Lux Research, a Boston-based market research company with offices in the US, Asia, and Europe, released a report on the personalized nutrition trend which contained a summary of what the market looks like today, and the future opportunities.
This market includes services like Israeli DayTwo, which analyzes a user’s stool sample to recommend foods that will optimize the user’s gut microbiome for health outcomes, as well as Habit, which offers nutrition plans based on metabolism, DNA, and body metrics.
“Right now, personalized nutrition services are a ‘nice-to-have,’ but if we move focus to prevention, it can be a ‘need-to-have,” Thomas Hayes, research associate at Lux Research and author of the report, told us.
In the report, he uses Habit as an example of personalized nutrition service that hits all the marks that Lux’s analysts think consumers will benefit from: Backed by science, good value in terms of price, and ample consumer guidance. The Campbell Soup-backed company originally had a meal delivery component to it when it first launched, but it was discontinued earlier this year so that the company can focus on its test kit and recommendations.
“I think that most personalized nutrition companies—they put so much trust in the consumer to digest all this info and integrate it into their daily lives,” he said.
“You really need to give consumers the necessary tools to integrate your recommended changes to make a positive outcome.”
Opportunity in the microbiome
Though innovation is rampant in the microbiome or pre- and probiotic space, there’s still room for new product development in which the frequency of recommendations is continuous.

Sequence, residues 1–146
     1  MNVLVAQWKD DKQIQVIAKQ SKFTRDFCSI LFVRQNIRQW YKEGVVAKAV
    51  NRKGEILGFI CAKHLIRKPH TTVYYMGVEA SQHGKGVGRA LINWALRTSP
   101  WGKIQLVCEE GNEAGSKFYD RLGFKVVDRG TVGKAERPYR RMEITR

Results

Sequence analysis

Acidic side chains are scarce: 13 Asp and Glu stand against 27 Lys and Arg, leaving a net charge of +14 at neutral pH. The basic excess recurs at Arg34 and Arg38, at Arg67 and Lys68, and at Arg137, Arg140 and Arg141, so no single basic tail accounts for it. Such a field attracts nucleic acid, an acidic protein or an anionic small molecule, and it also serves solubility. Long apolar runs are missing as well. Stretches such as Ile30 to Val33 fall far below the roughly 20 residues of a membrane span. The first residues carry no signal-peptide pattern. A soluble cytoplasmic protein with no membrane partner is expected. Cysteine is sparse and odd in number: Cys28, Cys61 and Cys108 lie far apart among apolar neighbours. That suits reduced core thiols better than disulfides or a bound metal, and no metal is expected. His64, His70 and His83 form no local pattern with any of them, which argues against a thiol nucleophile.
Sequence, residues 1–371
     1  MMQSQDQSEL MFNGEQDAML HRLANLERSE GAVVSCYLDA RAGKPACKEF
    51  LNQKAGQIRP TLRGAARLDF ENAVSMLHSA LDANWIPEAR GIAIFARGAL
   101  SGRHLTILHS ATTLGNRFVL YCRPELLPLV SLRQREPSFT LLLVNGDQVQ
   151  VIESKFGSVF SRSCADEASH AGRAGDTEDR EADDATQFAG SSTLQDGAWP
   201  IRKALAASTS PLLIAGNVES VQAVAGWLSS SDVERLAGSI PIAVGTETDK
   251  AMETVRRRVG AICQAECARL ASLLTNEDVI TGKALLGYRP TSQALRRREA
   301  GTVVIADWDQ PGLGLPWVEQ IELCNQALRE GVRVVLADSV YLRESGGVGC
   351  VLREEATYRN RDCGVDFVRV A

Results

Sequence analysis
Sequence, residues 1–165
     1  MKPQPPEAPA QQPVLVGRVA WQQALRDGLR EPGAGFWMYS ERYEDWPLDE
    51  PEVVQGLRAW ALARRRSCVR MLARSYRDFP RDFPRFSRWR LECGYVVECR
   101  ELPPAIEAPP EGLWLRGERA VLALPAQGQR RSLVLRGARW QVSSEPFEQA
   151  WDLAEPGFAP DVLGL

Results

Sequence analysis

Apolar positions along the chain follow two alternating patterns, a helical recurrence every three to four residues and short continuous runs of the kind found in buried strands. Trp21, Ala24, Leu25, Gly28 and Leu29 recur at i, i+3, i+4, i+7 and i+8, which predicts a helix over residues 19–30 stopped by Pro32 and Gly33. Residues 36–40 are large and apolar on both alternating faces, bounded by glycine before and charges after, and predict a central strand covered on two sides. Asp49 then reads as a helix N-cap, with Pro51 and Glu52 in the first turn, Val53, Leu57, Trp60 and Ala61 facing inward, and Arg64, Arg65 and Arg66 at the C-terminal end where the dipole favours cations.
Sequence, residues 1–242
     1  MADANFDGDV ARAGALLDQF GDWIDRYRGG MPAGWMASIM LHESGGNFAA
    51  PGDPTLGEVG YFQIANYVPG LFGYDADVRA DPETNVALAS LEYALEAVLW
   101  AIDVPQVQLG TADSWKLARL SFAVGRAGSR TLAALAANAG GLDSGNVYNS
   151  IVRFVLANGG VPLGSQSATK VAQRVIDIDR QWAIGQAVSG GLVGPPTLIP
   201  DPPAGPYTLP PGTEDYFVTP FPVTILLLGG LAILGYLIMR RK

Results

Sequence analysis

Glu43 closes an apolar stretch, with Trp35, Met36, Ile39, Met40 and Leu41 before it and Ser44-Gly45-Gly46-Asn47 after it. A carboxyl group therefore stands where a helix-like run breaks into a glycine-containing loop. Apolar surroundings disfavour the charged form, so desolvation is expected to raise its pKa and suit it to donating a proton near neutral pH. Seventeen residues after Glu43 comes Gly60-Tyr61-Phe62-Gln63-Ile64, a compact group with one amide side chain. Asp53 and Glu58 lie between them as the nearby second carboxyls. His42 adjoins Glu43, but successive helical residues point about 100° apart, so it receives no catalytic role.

Lux Research classifies DayTwo’s frequency, for example, as ‘fixed’ because it offers diet recommendations based on a one-time stool analyses. Companies like Biohm and thryve are classified as ‘repeat,’ because they offer dietary supplements to their users, which would push repeat purchases and repeat use of a microbiome test kit.
To illustrate potential contenders in the ‘continuous’ category, Hayes mentioned one company that’s taking a stab at this concept—an early stage project in Australia called Atmo Biosciences, which is developing an ingestible capsule that can monitor the gut microbiome and share data about it.
“One goal for them is to make personalized nutrition recommendations based on that,” he explained.
And based on the body of evidence surrounding what microbiome data can tell about a person’s health, Hayes added that “it's paramount that microbiome data is used for personalized nutrition.”
“Because of its link to disease states. . .It’s not just a solution for people who are fit already and want to be fitter, but also as a disease prevention tool. A continuous microbiome [personalized nutrition service] will be able to consistently analyze those microbes. We’re not there yet, but that’s where I think we need to go and we will go.”